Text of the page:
Tax revenues in the county are up 52% due to the Iberdrola project. All of these benefits happened with the county investing almost nothing in additional infrastructure to support the wind project. The wind industry creates a win-win scenario in NC for Pasquotank County and agriculture business.
Who can argue with a bigger bottom line?
Energy Deregulation in North Carolina
Today in the United States, sixteen states have deregulated electricity and twenty-two have deregulated natural gas. This map by Quantum Gas shows deregulation by state. As states continue to vote to enact or repeal deregulation, it remains a controversial issue nationwide.
Why was energy regulated in the first place?
In a regulated electricity market, only the utility can sell electricity directly to the consumer. Consumers who want to buy electricity can only buy from the local utility. There is no competitive pricing because a regulatory body sets the electricity rates.
Energy regulation began soon after electricity and gas started becoming available to consumers. The necessary infrastructure to create and transport energy was not well formed yet. Lots of companies building small pieces of infrastructure meant that electricity service was spotty and unreliable.
The government granted utilities monopolies in their areas in response to these coverage issues. The catch? The utilities were legally obligated to provide energy to all consumers at all times.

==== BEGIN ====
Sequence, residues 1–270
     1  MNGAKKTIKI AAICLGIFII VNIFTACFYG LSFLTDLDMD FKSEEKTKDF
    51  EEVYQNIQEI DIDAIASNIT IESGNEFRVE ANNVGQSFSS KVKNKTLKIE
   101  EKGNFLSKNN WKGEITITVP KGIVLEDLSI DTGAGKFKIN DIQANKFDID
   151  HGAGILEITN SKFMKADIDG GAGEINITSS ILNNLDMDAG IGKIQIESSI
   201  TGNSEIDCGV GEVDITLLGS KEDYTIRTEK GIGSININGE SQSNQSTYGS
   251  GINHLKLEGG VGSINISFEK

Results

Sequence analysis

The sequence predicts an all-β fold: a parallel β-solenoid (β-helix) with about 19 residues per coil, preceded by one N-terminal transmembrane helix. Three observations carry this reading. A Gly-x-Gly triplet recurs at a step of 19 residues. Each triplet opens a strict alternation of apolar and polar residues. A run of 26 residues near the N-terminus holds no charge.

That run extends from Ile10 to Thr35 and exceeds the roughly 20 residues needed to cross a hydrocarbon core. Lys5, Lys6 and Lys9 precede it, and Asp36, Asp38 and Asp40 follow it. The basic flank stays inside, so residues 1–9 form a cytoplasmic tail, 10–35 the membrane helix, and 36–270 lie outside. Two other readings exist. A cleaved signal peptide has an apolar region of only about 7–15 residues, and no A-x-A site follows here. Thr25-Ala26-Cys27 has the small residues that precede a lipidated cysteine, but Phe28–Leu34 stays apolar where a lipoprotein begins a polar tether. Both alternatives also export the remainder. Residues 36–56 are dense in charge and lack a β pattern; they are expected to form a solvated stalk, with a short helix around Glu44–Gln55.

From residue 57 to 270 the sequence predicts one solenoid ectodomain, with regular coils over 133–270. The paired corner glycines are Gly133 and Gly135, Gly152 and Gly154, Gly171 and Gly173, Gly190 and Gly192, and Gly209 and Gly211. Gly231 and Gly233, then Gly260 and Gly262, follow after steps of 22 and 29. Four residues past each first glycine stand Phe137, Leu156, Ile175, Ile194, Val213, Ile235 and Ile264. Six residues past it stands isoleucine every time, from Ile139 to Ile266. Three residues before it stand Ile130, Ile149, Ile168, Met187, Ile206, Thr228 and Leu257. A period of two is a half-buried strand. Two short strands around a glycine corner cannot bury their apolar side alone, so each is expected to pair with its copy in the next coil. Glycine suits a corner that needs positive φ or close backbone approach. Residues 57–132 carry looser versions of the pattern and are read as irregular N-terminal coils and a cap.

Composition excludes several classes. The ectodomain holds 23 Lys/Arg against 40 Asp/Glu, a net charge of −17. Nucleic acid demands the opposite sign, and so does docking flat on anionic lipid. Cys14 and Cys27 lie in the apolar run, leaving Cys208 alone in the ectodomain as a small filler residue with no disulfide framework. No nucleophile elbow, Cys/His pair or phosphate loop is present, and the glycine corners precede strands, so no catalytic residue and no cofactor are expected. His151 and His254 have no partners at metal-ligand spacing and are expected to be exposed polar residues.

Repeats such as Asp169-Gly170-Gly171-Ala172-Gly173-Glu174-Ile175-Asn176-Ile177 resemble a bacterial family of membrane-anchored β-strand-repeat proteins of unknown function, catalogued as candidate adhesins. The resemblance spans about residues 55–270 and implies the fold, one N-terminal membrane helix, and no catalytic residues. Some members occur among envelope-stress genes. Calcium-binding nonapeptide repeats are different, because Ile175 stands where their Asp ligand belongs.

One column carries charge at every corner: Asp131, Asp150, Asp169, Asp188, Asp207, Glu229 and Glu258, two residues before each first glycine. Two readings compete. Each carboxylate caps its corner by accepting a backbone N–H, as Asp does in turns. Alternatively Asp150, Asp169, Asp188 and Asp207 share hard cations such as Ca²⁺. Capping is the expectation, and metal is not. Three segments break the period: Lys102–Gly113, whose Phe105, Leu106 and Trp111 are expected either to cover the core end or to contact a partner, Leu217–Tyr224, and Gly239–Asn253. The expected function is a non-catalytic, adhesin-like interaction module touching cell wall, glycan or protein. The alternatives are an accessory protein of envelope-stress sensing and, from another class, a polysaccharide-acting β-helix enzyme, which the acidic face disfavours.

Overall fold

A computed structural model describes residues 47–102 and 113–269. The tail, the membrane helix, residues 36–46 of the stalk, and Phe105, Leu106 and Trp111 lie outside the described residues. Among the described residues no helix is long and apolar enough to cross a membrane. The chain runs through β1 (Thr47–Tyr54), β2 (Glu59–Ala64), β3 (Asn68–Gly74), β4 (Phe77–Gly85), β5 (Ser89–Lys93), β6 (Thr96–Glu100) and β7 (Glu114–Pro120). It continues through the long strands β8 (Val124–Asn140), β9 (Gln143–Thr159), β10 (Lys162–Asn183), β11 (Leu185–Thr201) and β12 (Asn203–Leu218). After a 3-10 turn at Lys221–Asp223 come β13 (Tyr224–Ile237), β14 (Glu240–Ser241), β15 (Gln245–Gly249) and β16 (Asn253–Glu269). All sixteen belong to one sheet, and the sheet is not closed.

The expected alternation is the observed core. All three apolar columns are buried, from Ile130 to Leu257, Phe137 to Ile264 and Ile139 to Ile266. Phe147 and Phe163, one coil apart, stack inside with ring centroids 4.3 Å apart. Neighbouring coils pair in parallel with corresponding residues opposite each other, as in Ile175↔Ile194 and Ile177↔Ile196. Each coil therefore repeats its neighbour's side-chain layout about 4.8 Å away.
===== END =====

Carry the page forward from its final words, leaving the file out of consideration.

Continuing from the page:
Now that the transmission infrastructure exists, some states are voting to deregulate their electricity markets.
What is a deregulated electricity market?
In a deregulated electricity market, approved providers can sell energy to consumers. These approved providers are called Retail Electricity Providers, or REPs. Consumers can choose from which REP they buy electricity.
There is no set price for electricity, so in theory a deregulated system functions as a free market. Deregulation allows competition between energy suppliers, but keeps the utility’s transmission and delivery infrastructure. Though the local utility does not have guaranteed returns, it is still responsible for maintaining that infrastructure.
What’s going on with deregulation in North Carolina?
North Carolina has not deregulated electricity or gas and deregulation in the immediate future seems unlikely. The North Carolina legislature has not been receptive to recent proposals to allow non-utility companies to sell energy.